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book review Politics

Hot Money, Warm Bodies January 29, 2007 Friday

Hot Money, Warm Bodies: The Downfall of Philippine President Estrada
by Greg Hutchinson and Ellen Tordesillas
Rating: starstarstarstarstar

At this point, People Power 2's instrumental role in bringing down Estrada for plunder is a matter of public record. My interest in reading this book however, was to know the 'behind the scenes' that brought about the downfall of ex-president Joseph 'Erap' Estrada. Was there a hidden puppet master pulling all the strings? What back-door deals were brokered? Who were the key players? Was there a conspiracy?

Erap in a Nutshell
Estrada's story is not unlike a typical Filipino movie plot with all the trappings of rags-to-riches sentimentality. As a former actor, Estrada played the role to a T - struggling high school drop-out charms his way into the movies with his good looks and eventually leaves showbiz for a life in politics. With his guts, common touch and street smarts, he muscles his way to being city mayor, then senator, then vice-president and finally, landing the top job in the country with an overwhelming majority.

He has a regular cabinet, but keeps an alternative midnight cabinet filled-in by his drinking buddies bingeing on $500/bottle french wines. These 'buddies' are the quintessential characters of a rogue's gallery - tax evaders, estafadors, ex-cons and economic saboteurs. One noted member remarked that at 4 am, everybody, the president included, were drunk - he was the only remaining sober element. Needless to say, he was sacked not long after making that public remark. Along Estrada's journey into politics, he housed a string of mistresses in lavish mansions, thanks to the non-complaining taxpayers.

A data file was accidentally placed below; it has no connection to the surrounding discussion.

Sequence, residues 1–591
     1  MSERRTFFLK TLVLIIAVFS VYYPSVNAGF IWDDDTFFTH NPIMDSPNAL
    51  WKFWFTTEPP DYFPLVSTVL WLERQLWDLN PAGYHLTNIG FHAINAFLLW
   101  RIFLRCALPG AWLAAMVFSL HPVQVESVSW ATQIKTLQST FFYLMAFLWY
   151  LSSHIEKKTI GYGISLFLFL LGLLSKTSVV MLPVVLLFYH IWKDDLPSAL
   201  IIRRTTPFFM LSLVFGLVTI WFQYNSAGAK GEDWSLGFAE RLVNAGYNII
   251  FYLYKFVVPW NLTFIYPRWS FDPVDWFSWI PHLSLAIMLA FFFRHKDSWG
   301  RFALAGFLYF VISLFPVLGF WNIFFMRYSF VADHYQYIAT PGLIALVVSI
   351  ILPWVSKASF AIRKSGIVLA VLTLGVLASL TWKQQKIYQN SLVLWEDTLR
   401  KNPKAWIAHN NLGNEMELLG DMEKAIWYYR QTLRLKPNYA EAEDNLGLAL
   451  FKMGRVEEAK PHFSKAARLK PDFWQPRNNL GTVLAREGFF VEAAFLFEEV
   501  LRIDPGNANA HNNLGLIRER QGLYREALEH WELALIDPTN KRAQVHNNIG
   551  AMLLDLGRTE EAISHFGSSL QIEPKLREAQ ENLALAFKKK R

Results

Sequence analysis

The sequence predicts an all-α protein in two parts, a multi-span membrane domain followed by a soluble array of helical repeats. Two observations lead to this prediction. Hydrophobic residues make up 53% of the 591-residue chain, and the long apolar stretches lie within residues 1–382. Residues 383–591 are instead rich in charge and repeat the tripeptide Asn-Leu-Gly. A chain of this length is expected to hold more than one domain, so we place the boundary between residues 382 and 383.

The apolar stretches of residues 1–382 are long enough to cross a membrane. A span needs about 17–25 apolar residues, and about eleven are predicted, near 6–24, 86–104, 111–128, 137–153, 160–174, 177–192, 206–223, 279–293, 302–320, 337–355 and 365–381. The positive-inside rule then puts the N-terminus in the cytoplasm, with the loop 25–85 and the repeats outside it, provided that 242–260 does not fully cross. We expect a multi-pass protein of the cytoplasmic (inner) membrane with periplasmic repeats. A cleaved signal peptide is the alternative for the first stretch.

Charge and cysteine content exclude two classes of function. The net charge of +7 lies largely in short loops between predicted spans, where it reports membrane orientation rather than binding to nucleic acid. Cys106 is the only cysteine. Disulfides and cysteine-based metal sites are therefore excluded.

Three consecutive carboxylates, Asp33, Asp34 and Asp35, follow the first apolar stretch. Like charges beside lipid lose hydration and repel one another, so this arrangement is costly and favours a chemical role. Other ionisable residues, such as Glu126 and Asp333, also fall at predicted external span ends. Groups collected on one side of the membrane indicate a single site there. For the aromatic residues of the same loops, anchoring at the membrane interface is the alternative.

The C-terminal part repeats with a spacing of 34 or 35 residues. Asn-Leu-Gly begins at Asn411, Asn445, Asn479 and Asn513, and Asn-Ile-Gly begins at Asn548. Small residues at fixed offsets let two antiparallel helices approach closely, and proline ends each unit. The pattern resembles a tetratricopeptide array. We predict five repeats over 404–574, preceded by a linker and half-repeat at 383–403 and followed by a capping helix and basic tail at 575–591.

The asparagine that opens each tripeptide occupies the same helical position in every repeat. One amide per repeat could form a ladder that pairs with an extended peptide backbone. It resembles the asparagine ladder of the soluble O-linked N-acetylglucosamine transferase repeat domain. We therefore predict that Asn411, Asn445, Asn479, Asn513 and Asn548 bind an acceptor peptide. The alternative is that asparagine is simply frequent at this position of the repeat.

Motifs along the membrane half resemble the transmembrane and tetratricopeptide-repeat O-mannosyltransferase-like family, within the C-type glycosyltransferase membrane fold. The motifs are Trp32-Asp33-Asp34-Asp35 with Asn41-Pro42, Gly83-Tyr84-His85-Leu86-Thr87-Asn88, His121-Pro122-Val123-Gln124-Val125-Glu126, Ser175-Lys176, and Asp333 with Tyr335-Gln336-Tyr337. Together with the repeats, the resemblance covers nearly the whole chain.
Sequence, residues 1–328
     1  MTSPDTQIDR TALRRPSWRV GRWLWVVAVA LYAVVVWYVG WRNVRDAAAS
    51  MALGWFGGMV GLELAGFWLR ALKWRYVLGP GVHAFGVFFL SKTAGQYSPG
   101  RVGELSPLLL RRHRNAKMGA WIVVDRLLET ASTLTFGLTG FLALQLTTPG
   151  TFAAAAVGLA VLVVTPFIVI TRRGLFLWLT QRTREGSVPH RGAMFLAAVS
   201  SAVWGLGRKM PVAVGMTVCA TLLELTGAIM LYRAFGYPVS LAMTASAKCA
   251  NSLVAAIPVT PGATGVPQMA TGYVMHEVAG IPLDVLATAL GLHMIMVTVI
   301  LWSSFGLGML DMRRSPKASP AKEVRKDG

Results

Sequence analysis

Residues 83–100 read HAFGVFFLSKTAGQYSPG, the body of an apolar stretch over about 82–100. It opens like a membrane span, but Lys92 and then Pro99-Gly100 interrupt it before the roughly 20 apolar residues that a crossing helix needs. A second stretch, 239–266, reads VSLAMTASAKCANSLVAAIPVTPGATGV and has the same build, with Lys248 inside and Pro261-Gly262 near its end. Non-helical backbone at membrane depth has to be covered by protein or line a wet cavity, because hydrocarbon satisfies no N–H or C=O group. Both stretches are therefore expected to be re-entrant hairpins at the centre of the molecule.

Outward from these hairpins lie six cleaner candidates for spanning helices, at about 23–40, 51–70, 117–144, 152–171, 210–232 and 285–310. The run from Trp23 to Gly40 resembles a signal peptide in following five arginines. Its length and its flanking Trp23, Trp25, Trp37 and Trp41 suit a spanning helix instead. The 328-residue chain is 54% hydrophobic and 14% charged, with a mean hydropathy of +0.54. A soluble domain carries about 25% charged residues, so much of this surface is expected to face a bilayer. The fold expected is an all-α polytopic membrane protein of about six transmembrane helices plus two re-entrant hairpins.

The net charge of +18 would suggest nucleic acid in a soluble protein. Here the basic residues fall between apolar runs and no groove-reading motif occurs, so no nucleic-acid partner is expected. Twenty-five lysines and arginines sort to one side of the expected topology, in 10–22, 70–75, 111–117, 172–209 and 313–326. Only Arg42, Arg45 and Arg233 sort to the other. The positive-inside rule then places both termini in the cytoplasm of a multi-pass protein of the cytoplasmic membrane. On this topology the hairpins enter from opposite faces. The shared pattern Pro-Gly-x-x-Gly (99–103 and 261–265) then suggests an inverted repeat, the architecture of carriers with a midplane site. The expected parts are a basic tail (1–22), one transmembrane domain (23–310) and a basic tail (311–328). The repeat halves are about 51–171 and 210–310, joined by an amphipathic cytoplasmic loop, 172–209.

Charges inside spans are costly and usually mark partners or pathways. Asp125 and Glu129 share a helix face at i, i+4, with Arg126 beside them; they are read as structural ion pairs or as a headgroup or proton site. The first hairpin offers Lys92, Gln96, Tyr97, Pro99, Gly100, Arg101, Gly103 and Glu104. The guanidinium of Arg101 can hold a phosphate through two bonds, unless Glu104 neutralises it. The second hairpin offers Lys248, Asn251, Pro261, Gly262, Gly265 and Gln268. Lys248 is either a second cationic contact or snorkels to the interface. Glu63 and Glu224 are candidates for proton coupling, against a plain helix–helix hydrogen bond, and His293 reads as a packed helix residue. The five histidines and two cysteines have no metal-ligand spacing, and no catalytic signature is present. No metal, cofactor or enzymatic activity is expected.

He would have gotten away being a corrupt politician (like all the others who came before him), but an altercation with his jueteng (an illegal numbers game, commonly regarded as "poor man's opium") bagman put him as defendant in an impeachment trial. With 11 of the 21 senators voting 'no' on opening an envelope believed to contain more damaging information against Estrada, the public was outraged and launched a spontaneous rally at the EDSA Shrine that became popularly known as People Power 2. With the military defecting wholesale to the Arroyo camp, Estrada's destiny was sealed. Then-vice-president Arroyo was sworn into office and Estrada literally took the backdoor exit out of Malacañang Palace. He was subsequently arrested, finger-printed and a mug-shot taken of him. This humiliation infuriated his supporters, who then rallied en mass, which controversially became EDSA 3. Proponents of People Power dismis EDSA 3 as a misguided gathering of the uneducated and the ignorant. To date, Estrada is under house arrest awaiting trial for his plunder cases.

A Cultural Thing